By allowing ads to appear on this site, you support the local businesses who, in turn, support great journalism.
Pancake breakfast continues tradition of service
Kiwanis Club dishes up food, fellowship to aid childrens causes
0926pancake3
Francis and George Seelke of Gainesville speak Saturday with former state Sen. Lee Hawkins as he serves at the annual Kiwanis Club pancake breakfast at the Gainesville Civic Center. - photo by SARA GUEVARA

The Gainesville Civic Center was the place to be Saturday morning.

The Kiwanis Club of Gainesville held its 47th pancake breakfast, and thousands of residents took their turn in line for the annual tradition.

"My wife, Kayanne, and I have been coming and enjoying this for over 40 years," Abit Massey said as he hugged and greeted friends coming in the door. "We enjoy every one of them, and the food and fellowship is fantastic."

The club ordered about 13 cases of pancake mix and 23 cases of sausage for the event, and more than 100 Kiwanis members showed up to mix batter at 5 a.m., cook pancakes from 7-11 a.m., take tickets or help clean.

"I've been doing this for more than 30 years - flipping pancakes or helping with parking - because it's a way to give back," said former state Sen. Lee Hawkins, who waved to familiar faces as he poured pancake batter. "You get to see your friends and neighbors, and everyone just gets together."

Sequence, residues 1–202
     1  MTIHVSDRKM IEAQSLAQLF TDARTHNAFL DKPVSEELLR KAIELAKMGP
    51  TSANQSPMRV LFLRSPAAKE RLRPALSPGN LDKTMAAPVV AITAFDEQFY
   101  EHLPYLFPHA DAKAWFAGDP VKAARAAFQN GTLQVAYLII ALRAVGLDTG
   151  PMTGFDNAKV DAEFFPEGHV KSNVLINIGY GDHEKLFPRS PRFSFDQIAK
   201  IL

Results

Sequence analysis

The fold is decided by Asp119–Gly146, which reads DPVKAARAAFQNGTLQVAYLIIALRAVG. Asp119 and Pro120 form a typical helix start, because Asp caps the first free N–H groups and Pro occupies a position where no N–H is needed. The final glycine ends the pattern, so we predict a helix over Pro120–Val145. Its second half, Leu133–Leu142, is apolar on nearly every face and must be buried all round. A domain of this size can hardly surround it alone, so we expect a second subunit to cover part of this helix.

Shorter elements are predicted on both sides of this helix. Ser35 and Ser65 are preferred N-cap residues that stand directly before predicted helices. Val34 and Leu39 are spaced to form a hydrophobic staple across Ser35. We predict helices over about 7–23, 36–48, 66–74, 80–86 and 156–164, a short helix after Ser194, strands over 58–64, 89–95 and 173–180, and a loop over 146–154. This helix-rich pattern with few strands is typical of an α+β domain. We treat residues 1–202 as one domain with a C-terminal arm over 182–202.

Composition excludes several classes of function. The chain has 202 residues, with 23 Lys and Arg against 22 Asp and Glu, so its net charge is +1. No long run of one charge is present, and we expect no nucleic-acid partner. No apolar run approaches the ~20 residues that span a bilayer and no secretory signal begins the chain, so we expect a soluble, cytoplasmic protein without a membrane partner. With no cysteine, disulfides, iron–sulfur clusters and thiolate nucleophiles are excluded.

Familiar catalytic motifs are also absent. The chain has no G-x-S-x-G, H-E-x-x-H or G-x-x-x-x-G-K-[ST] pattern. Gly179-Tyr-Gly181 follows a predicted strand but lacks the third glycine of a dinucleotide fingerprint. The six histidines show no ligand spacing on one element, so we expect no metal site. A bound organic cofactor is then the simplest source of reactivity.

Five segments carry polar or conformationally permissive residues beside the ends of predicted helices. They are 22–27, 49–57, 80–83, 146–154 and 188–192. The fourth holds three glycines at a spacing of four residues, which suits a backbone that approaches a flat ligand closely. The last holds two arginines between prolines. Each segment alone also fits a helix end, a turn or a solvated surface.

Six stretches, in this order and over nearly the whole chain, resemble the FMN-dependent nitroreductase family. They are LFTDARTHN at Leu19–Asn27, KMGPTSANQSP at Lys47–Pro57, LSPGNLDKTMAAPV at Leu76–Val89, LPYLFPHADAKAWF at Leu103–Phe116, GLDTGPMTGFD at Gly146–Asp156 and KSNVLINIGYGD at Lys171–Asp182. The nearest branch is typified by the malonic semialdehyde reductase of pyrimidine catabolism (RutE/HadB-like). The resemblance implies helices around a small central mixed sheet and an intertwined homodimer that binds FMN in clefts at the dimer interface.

All proceeds from the $5 tickets go to various charities and programs that help children in Gainesville and Hall County, including scholarships. Tons of people shared tables and carried around plates of pancakes, sausage, juice and coffee.

"It's a tradition that brings the community together in the fall, and it's a special time each year," said Jordan Collins, 18, who attended with her father, state Rep. Doug Collins. "It's also good for the community to get to know people running in the election, and it's helpful for the politicians, too."

Elected officials and candidates were among the top donors for the pancake benefit.

But there was more friendship than politicking on Saturday. District Attorney Lee Darragh handed out raffle tickets while Hawkins poured pancakes and Collins ate with his family.

"It's really nice to meet people here. We've been residents in Gainesville for 15 years and try to come to this every year," said Francis Seelke, who sat with the Collins family and her husband, George. "We know Lee Hawkins socially and voted for him, but we didn't know the Collins family until we sat down with them."

The group raised about $25,000 last year and aimed to raise $26,000 this year for children's services around the county.

Jamey Moore, director of standards and assessment for Gainesville City Schools, noted his appreciation for the annual benefit for students as he stood in line with his three young children, Nate, Abi and Ali.

"This morning, my son, Nate, asked me if the number ‘1,012' on his ticket meant he could get that many pancakes," Moore said with a smile. "They're here with me this morning for a ‘Daddy date,' and then we're heading to the playground."

Regional events